• Match food to their senses. My son doesn’t like crunchy anything or meat texture, so much of his food takes a trip through the mini food processor (another reason we suggest one in the MOMables store as a kitchen essential). Many foods get mixed with whipped cream cheese (to introduce taste slowly) or hidden in tomato sauce, and he eats lots of warm “dips.” Taco night? He eats “dip” and chips. Everything cooked that you’d put inside a taco is now a delicious dip! Want to have more sandwich options? Make chicken salad, tuna salad, and egg salad in a mini chopper; you’ll get a creamy consistency this type of kid tends to like. With a kid who complains about food being “slimy” or “squishy,” you need to modify items so they have the texture they need: crunch. Instead of mashed potatoes, try baked wedges or baked potatoes. Soups? Chunky. Sandwich fillers? Also chunky.
  • Reward your child. Set up a reward system. Give your child tokens, coins, or stickers for trying new foods—even if they only take one bite. They can trade them in for a new toy, an outing, or something they have been wanting for a long time. Your 10-year-old wants a new bike? Establish a price and a deadline (such as birthdays). The key is finding a reward system that will work for your child and sticking with it. Consistency is key. Once you find one new food they like, add slowly to their repertoire.
  • Give your child some control. Don’t ask: What would you like to eat? Instead, offer her two choices, no more. We have carrots or peas. Which one would you rather eat? Remind them that they only need to take two or three bites (depending on your rules). When asked open-ended questions, a child will always answer with a “safe” food.
  • Make sure your child is hungry at mealtime. Sounds like a no-brainer, but I know many parents who ruin it by offering their kid a snack around 4 pm, and then expect their kid to eat dinner at 6. Then, frustration builds up because he refuses to eat. Really? They are just not hungry enough. I’ve learned that my kids need at least 3 hours before they are willing to eat a non-favorite dinner; therefore, an after-school snack happens between car line and 3:30 pm.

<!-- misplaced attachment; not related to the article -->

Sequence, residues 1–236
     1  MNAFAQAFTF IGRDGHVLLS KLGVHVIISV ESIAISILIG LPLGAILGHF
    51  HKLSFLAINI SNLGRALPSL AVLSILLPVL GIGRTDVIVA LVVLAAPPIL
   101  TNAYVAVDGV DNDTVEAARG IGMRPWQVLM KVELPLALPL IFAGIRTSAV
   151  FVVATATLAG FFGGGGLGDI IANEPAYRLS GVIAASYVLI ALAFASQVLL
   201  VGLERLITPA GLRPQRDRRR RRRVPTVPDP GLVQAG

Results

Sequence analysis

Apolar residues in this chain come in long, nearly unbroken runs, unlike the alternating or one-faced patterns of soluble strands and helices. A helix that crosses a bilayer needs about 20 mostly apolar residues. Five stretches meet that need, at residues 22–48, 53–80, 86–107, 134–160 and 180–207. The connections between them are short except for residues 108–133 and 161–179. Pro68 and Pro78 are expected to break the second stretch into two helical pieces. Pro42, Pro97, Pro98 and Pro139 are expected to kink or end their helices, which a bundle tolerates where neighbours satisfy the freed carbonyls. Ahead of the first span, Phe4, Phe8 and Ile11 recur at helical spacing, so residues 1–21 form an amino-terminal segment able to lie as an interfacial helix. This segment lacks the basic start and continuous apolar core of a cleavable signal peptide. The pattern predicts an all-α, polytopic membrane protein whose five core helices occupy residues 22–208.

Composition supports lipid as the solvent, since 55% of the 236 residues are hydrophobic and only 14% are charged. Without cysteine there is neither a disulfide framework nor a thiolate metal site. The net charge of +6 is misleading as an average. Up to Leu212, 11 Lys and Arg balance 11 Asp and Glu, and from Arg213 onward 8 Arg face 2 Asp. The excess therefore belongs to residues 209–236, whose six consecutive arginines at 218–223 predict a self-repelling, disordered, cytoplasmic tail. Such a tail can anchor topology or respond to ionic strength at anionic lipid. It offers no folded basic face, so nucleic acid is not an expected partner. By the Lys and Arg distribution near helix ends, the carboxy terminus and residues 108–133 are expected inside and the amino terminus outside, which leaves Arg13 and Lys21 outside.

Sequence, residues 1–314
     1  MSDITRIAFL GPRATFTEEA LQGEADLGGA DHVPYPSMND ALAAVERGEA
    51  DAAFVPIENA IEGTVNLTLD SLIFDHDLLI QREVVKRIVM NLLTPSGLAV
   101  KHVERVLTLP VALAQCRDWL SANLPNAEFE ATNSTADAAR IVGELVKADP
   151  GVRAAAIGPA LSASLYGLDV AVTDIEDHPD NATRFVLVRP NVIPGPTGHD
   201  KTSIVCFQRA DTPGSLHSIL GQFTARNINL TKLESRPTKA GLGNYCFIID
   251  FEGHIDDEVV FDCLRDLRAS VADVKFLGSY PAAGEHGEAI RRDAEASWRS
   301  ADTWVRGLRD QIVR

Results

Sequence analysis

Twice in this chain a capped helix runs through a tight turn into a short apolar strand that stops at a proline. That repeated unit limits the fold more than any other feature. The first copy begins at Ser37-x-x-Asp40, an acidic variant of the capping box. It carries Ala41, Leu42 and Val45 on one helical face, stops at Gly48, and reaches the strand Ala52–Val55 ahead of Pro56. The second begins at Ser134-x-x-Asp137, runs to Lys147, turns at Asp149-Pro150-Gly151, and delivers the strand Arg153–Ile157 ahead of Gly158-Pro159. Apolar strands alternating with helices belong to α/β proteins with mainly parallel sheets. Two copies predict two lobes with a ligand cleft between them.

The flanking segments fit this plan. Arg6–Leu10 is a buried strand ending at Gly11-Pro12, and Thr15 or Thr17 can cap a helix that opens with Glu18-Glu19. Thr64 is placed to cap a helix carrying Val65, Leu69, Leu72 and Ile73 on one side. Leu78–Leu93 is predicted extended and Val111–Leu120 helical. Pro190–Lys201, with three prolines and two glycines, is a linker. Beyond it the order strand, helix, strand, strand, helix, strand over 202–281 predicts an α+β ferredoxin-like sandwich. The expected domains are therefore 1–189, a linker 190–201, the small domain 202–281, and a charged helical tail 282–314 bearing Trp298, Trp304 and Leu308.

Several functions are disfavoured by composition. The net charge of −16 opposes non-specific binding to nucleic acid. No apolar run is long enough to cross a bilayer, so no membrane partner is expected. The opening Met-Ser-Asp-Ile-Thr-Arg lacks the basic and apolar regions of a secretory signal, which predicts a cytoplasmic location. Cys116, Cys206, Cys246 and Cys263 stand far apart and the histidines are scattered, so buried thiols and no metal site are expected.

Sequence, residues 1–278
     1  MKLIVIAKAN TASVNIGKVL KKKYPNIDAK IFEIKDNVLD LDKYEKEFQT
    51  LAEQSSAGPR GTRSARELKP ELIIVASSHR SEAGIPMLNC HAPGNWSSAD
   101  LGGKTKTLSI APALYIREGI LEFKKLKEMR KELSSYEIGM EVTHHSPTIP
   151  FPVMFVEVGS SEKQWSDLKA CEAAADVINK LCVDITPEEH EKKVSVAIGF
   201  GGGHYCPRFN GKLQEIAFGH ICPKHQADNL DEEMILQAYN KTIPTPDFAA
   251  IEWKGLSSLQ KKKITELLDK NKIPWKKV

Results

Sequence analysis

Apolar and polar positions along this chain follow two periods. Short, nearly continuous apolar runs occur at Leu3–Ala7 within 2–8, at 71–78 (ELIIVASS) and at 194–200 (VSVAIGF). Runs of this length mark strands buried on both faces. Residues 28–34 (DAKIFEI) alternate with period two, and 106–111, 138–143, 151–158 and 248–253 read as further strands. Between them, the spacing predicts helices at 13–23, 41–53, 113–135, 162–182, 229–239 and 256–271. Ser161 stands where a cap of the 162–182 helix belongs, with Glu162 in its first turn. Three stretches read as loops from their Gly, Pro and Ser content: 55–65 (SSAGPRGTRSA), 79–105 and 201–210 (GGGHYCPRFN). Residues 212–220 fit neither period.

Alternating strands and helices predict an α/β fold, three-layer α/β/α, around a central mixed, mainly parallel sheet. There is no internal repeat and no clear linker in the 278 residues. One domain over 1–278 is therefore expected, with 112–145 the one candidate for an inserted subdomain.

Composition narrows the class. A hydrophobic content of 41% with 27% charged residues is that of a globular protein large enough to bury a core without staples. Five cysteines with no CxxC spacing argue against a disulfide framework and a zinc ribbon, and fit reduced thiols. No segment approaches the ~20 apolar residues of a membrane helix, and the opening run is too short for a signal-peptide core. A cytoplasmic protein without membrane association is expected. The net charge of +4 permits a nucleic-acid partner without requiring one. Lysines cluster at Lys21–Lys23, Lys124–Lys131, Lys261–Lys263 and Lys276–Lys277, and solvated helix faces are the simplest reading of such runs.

• Give your child free rein of the condiments. Whatever gets them to eat them at first is what has worked best. While there is a difference between half a bottle of ketchup and a tablespoon, I am not going to make a fuss if he eats his peas. Eventually, the food item goes into the “safe” list, and that’s one more MOM point for that texture.
  • Praise, praise, praise! No one told me that I would need to buy a set of pom-poms when I became a parent. The truth? We all like to be praised, even in the little things. Why should I expect my husband to tell me “the house looks nice” after 4 hours of tiding up, when I don’t praise my child for eating peas? Praising is an ongoing thing that reinforces the behavior we want to establish. After a while, this behavior becomes a habit.

Texture is one of those things that can really frustrate a parent. Everything we eat has different textures, and when you have more than one child, you can begin to feel like a short-order cook real fast! Go ahead, take the pledge, and try one or two of the seven tips. Remember, consistency is key, and soon your child will learn the rule and what’s expected, and he will begin to feel good about the eating process. Next week, we’ll continue this four-part series with the “color” problem.

So what’s next? How about issues with color. Click here to read part two in the picky-eaters mini series!

—Pudding Board:  Take a cookie sheet tray, and pour between 4 and 6 ounces of pudding. Let your child “draw” on there with his fingers. To erase, wiggle the pudding board and start over.

 

1 4 5 6
×
MENU